An ancient tunnel in Jerusalem built to redirect water in the event of a siege is one of history’s great architectural innovations.
The Siloam Tunnel is a relic of Biblical past imbued in the modern landscape of Jerusalem. This still-standing remnant of ancient history is an architectural marvel considered one of the greatest engineering feats of the pre-Classical period.
Visitors to Jerusalem can partake in a roughly 45-minute wade through two feet of flowing water through the tunnel, which is believed to have been built during the reign of King Hezekiah of Judah between the 8th and 7th centuries BCE, though its origins might even be a hundred years before that. Historians believe the time period corresponds to the time when Jerusalem was anticipating an Assyrian siege, meaning the tunnel likely served to redirect the freshwater source of the City of David to a pool within the walled city in case of attack.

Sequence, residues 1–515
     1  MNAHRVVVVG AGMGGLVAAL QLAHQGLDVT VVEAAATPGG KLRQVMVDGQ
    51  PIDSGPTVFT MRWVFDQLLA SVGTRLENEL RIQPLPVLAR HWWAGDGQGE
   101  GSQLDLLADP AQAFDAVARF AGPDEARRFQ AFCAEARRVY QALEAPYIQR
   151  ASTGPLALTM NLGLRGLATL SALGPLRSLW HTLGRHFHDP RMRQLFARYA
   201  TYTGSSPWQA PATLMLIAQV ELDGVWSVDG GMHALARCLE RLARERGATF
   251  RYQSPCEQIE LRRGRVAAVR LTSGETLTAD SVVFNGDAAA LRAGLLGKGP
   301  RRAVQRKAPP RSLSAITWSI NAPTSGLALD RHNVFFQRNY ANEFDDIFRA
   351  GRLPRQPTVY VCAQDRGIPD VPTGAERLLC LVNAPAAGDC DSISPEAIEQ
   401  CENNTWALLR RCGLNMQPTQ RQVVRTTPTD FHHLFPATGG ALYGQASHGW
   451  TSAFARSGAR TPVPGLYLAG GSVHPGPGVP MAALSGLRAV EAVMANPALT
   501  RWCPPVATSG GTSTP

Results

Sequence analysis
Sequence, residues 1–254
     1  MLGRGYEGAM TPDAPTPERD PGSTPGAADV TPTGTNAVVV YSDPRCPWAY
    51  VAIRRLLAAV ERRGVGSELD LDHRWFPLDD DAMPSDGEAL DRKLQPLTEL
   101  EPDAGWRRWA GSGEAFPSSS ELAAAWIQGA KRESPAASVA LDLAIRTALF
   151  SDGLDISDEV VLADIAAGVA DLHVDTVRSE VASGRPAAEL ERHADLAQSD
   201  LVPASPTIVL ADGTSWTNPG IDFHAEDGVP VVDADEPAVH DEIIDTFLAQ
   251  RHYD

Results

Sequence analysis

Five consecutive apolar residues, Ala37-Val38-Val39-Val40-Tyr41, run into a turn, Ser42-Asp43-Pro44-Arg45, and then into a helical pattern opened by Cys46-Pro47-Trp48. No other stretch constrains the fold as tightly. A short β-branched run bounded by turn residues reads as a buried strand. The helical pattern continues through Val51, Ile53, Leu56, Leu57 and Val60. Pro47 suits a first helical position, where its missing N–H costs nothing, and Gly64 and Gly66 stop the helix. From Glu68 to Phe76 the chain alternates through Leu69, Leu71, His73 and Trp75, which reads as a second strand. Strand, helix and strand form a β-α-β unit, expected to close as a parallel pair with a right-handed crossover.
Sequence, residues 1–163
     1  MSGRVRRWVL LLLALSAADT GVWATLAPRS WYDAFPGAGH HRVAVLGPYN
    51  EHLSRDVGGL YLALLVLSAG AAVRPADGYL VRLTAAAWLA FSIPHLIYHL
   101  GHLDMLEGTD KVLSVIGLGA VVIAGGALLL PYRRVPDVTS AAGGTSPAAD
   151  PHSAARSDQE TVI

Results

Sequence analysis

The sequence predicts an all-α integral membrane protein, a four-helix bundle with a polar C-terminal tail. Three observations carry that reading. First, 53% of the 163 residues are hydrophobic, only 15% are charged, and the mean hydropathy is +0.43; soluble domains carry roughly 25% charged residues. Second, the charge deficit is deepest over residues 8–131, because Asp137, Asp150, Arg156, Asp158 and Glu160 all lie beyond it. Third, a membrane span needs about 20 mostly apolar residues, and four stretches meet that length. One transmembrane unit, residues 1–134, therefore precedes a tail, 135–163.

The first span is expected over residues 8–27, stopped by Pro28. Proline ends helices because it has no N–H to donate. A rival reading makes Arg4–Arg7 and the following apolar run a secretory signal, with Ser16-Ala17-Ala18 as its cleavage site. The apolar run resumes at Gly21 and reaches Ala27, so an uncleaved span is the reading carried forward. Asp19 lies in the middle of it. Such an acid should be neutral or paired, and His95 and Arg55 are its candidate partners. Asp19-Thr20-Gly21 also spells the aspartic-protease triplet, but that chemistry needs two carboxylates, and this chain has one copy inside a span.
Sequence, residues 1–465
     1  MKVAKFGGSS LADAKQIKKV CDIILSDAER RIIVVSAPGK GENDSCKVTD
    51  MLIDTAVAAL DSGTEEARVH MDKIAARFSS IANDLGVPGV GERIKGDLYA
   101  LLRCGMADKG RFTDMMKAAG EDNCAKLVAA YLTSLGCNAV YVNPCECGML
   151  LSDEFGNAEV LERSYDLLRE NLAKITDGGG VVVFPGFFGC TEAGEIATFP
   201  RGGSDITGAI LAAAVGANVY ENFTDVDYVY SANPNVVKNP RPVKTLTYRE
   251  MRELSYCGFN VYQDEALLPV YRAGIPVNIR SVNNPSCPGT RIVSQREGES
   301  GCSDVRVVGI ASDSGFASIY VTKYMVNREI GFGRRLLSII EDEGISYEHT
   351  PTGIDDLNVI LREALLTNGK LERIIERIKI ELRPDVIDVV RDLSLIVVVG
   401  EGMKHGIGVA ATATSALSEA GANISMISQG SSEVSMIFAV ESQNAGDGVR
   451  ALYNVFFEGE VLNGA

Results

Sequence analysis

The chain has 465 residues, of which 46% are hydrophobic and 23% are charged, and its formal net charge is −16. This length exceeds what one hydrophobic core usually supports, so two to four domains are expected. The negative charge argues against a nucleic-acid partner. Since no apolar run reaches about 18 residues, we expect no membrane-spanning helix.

It was meant to direct water 533 meters from the Gihon Spring at one end to the Pool of Siloam at the other end. The means of its construction are still somewhat of a mystery, but it’s thought that it was built by two teams that met in the middle, potentially using a system of sound signals created by hammers on the rock that eventually became the tunnel itself.
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